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Hepatitis C is a viral infection that causes liver inflammation, sometimes leading to serious liver damage. The hepatitis C virus (HCV) spreads through contaminated blood.
Your risk of hepatitis C infection is increased if you:
Are a health care worker who has been exposed to infected blood, which may happen if an infected needle pierces your skin
Have ever injected or inhaled illicit drugs
Received a piercing or tattoo in an unclean environment using unsterile equipment
Received a blood transfusion or organ transplant before 1992
Received clotting factor concentrates before 1987
Received hemodialysis treatments for a long period of time
Were born to a woman with a hepatitis C infection
Were ever in prison
Were born between 1945 and 1965, the age group with the highest incidence of hepatitis C infection
Acute hepatitis C infection doesn't always become chronic. Some people clear HCV from their bodies after the acute phase, an outcome known as spontaneous viral clearance. In studies of people diagnosed with acute HCV, rates of spontaneous viral clearance have varied from 14 to 50 percent. Acute hepatitis C also responds well to antiviral therapy.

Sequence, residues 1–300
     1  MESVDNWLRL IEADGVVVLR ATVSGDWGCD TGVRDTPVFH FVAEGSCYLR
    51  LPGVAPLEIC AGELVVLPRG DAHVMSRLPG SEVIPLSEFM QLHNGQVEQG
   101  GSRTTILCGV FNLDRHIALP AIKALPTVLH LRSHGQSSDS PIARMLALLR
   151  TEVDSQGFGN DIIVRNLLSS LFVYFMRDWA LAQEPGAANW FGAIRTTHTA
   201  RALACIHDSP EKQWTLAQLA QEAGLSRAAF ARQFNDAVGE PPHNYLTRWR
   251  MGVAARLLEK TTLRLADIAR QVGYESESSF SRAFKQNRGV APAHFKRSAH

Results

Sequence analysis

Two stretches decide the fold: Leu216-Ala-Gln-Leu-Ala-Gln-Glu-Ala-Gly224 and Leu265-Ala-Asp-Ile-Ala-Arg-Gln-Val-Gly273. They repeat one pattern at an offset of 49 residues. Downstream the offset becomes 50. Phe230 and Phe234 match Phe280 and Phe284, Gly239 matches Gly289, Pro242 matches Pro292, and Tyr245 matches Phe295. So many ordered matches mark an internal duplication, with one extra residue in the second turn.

Long-term infection with the hepatitis C virus (HCV) is known as chronic hepatitis C. Chronic hepatitis C is usually a "silent" infection for many years, until the virus damages the liver enough to cause the signs and symptoms of liver disease. Among these signs and symptoms are:
Yellow discoloration of the skin and eyes (jaundice)
Fluid buildup in your abdomen (ascites)
Swelling in your legs
Confusion, drowsiness and slurred speech (hepatic encephalopathy)
Spider-like blood vessels on your skin (spider angiomas)
The sphincter of Oddi is a muscular valve that controls the flow of digestive juices (bile and pancreatic juice) through ducts from the liver and pancreas into the first part of the small intestine (duodenum).
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